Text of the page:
I don't understand the purpose of "hedging"

Discussion in 'Trading' started by IronFist, Oct 18, 2006.

  1. or maybe I have the concept wrong.

    I was reading something talking about taking opposite positions at the same time and referring to that as hedging.

    Wouldn't that be the same as NOT being in the market at all? Why put forth the extra effort of being in the market when you're not going to profit either way?

    Or do I have this completely wrong?
  2. AaronCapps

    AaronCapps Global Futures

    the classic idea of hedging was for farmers and producers that wanting to lock in current prices of their product. Hedging, technically is not to make a profit or risk a loss. Although because the hedge may strengthen or weaken, you can have small variations in price.

    Now a days, more people like the idea of doing like to like hedges to either lock in profit or loss during large market announcements as a way to hold on to their original entryprice which may have some psychological importance to them.

    some like to do this type of hedging as a style of trading, where they will take profits in one of the accounts, then maybe average in on the second account and exit on a retracement.
  3. In a "perfect hedge" you have no market exposure. Hedging is mostly to eliminate certain types of risk. For example, you could be long one of the dow components and short the dow itself (futures, options or etf) and that would in theory remove "market risk", ie the risk of the entire market tanking. At that point your "trade" is essentially trying to capitalize on the percieved difference of value of the stock's price vs what you think it is, and contains no market risk.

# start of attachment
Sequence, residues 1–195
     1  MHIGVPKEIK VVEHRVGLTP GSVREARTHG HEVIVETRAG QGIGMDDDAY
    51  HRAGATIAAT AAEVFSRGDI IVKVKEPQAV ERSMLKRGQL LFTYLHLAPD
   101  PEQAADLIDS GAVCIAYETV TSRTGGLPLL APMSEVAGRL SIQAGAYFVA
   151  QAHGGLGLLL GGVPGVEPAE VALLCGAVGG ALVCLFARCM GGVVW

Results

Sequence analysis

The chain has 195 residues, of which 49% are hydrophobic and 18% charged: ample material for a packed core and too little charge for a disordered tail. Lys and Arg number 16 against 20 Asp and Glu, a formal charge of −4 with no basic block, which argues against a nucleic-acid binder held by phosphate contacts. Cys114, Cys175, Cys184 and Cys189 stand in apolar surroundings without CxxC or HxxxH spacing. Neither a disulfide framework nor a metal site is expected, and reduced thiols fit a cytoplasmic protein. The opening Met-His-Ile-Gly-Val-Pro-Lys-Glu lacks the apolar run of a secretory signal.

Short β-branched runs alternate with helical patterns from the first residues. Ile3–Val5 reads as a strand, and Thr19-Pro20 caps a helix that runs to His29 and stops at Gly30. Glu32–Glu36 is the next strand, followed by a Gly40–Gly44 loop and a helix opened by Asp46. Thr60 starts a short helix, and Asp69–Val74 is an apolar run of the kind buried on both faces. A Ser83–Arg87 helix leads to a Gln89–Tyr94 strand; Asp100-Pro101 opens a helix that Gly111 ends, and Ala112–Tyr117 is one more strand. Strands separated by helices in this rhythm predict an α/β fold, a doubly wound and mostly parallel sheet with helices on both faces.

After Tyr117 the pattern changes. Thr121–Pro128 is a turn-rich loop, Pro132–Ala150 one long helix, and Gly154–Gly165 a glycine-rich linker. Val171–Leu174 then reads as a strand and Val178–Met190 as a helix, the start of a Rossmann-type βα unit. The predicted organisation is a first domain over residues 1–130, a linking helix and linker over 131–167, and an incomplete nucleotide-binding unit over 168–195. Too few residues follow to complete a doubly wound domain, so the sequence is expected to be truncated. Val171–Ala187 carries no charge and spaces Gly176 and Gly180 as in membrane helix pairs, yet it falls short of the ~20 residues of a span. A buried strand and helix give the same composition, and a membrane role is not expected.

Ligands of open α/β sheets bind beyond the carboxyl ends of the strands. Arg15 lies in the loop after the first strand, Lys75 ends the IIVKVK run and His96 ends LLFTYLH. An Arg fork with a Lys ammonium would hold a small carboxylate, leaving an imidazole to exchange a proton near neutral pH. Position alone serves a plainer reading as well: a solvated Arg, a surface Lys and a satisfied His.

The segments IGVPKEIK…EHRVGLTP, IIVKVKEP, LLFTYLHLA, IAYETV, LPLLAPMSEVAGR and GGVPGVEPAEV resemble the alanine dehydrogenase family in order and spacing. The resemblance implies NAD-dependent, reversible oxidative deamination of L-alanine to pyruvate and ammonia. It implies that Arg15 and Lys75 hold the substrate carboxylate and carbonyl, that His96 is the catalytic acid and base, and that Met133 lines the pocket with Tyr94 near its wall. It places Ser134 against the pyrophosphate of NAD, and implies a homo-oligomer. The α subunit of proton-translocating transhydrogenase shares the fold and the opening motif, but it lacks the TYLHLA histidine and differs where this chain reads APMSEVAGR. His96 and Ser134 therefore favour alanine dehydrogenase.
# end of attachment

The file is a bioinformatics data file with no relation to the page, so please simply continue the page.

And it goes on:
4. To expand on Aaron's post, hedging existed to ensure someone who MUST be in the market with downside exposure (i.e. farmers with crops) is protected in the event that downside exposure occurs.

    The farmer must plant and produce his crops - he just wants to make sure he doesn't completely lose all his money if the market for his crops is substantially depressed when they are harvested. Same thing for the buyers of those crops.

    Now, these days of course, hedging is much more/less than that. It's an out of date term for how it's being applied (mostly).
  5. THAT makes a whole lot more sense.
  6. Purpose of "hedging" - My guess is we simply don't want the potential risk would be beyond our desired level.
  7. The basics of hedging are this. You try to limit or eliminate "market movement risk" by being (for example) Long 2,000 of stock "A" (the stronger stock based on your criteria), and short stock "B" (the weaker stock)...you then look back over a year, 5 years, etc., and see if their prices have criss crossed over time. If Stock B is $3 higher than Stock A, you would short B and Buy A...if the prices crossed, you would make $3.00.

    Another type of hedging is selling futures contracts at a Premium to Fair Value, and buying all the underlying securities...and then (often same day), you reverse the trade at a profit by buying the futures at a Discount, and selling back the equities (I'm using the S&P 500 or Emini's in this example).

    Either example greatly reduces market risk. With the pairs of stocks, you collect interest on the short side (if you're a Prop trader, not generally given to retail traders). If you are using the futures, you have a mathematical edge based on interest rates (cost of carry).

    If you would like more detailed information, send me an email to; don@stocktrading.com

    All the best,